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By finding the right combination of sounds, pitches, colors, words, etc. the artists made their idea more attractive to the public. (Take a look at an article I wrote on some of these concepts in 5 Scientific Ways Visual Storytelling Will Grow Your Brand). Combining the right formula of creative and artistic attractions to a product, marketing campaign, or customer service design, along with the right influencers/trend setters (Connecters, Mavens, and Salespeople… not Jen) you can create the right formula to make an idea “tip.”  

The Power of Context

His third law, the Power of Context, concerns the impact of the environment on human behavior. In this last law, he introduced the “Broken Window Hypothesis,” often referred to as one of the most influential theories in the history of criminology—the idea that significant crimes (murder, rape, robbery) are encouraged by seemingly trivial crimes (graffiti, public urination, and broken windows). Conversely, citizens are less likely to commit serious crimes in their environment if they realize smaller ones are not tolerated.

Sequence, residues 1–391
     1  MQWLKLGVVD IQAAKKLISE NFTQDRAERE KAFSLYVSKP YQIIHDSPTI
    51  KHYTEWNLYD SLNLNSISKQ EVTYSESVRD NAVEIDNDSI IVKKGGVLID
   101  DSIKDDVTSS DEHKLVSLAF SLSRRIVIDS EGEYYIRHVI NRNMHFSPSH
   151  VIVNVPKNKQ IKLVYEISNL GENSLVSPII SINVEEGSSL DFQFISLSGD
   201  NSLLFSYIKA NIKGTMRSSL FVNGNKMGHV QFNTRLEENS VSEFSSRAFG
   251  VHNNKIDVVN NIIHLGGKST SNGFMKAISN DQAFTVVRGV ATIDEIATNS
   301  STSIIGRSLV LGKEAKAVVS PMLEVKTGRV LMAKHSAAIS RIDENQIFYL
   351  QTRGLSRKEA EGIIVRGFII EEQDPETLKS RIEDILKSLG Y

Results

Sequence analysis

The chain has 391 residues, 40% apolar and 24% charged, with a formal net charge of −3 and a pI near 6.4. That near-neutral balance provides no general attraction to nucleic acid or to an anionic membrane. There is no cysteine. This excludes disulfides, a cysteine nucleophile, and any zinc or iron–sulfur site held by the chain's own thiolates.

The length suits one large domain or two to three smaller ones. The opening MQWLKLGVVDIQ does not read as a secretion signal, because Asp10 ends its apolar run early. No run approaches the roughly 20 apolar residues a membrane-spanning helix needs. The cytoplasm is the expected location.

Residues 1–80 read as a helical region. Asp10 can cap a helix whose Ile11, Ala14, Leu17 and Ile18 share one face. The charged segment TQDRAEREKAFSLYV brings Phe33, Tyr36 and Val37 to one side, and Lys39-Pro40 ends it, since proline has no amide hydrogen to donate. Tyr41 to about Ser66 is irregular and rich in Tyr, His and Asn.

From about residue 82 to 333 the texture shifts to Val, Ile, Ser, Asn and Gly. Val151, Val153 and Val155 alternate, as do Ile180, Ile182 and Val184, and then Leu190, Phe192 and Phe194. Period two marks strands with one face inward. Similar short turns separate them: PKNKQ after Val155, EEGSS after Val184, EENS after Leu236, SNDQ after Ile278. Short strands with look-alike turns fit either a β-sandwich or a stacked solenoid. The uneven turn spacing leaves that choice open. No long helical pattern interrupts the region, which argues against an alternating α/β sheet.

In the mid-1990s, a couple of New York City leaders put this idea to the test. They worked together to apply the Broken Window Hypothesis to their city, focusing on targeting minor crimes like graffiti and public urination. You may or may not remember, but around this time within a few years, the entire crime rate of New York City had plummeted. 

The Broken Windows theory is a scientific idea of social behavior management that is extremely applicable to consumer behavior. The area involves strategies and administrative activities that encourage customers to maintain behaviors that are desirable to an organization.

For example, retailers aim to reduce customers’ misdemeanor and increase their purchase rates. Managers may include tactics to maintaining a neat and spotless retail store, which creates the perception that the business does not neglect its premises and that the company provides high-quality products. (Apply that same concept to the office environment. How do you want your employees to view the business?)

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The idea of “the tipping point” was defined by Gladwell as “the moment of critical mass, the threshold, the boiling point.” It is the moment when an idea, trend, or social behavior crosses a threshold, tips, and spreads like wildfire, just like his bestseller.

In the novel, he scientifically proves how a single sick person can start an epidemic of the flu, so too can a small but precisely targeted push cause a fashion trend, the international popularity of a new product, or an exponential drop in a city’s crime rate. In other words, (Gladwell’s own words), “Ideas and products and messages and behaviors spread like viruses do,” in a specific place, at exactly the right time, by exactly the right people.